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John Scott: Choose Measure 1, kick over-regulation to the curb

In 1958, while hauling seed to Devils Lake from Gilby, N.D., I vividly remember the countless farms that dotted the countryside--the farms that kept so many families bustling with crops and livestock.

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In 1958, while hauling seed to Devils Lake from Gilby, N.D., I vividly remember the countless farms that dotted the countryside-the farms that kept so many families bustling with crops and livestock.

Today, that same drive offers fewer farms than a five-mile strip in the 1950s would warrant.

And it's not going to get better.

Our saving grace might very well be Measure 1, which North Dakotans will have the opportunity to support on Tuesday.

For years, our farms have been controlled by government-rendered farm programs, which have been to the benefit of only larger farmers by introducing an artificial price and leaving smaller family entities in the dust.

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The Conservation Reserve Program, wheat referendum, prevented-planting and other programs provided by the government all have contributed to the demise of small farms, because they were able to provide larger farms with incentive for stagnation.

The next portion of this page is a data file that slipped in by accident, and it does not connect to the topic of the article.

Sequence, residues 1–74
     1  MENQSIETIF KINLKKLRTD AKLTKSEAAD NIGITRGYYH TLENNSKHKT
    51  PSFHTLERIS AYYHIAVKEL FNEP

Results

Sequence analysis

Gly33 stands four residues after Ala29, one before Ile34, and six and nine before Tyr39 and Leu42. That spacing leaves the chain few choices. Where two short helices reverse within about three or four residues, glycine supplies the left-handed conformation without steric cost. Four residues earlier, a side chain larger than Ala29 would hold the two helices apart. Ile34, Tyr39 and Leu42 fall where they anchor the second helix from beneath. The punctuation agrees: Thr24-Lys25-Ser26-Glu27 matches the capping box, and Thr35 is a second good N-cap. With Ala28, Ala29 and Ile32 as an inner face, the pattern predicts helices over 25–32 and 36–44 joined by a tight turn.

Agriculture could have been, and could be, better without government interference.

At a time when we need change the most, Measure 1 will help bring our once-flourishing small farms back to their prime by giving them the opportunity to grow and expand without interference.

Family farms will have stock and will be able to share that stock among family members. As the farms continue to grow, so will the available stock options, which will give the smaller farms the opportunity to grow with their business.

Farmers should not be denied the privilege of incorporating.

Younger generations will begin to show interest in the industry, unlike so many who view the future of agriculture as a difficult-to-enter career with little incentive. Measure 1 will provide interested beginning farmers the ability to buy into the business with shares, increasing the amount of shares they own as time goes on and they are able to afford the shares.

Though Measure 1 might not have a hand in bringing new farmers to North Dakota, it certainly will help to preserve the farms the state still has and allow them to expand without complete government control.

Crop prices, which are said to mimic the lows of the 1980s or lower, are not the strongest aspect of the industry now. Instead, we must look to livestock, which the proposed legislation will help expand and grow.

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By voting yes, we will guarantee help for our struggling farmers and give hesitant farmers the opportunity they deserve to be a part of what will be North Dakota's finest hour - a profitable state that sets a precedent for others to follow.

Believe me, it's better to have the freedom than to allow government to meddle.

Scott is a retired farmer from Gilby, N.D. His family has maintained the John W. Scott Farm for more than 120 years; the farm now is in the hands of Scott's son, Jack.

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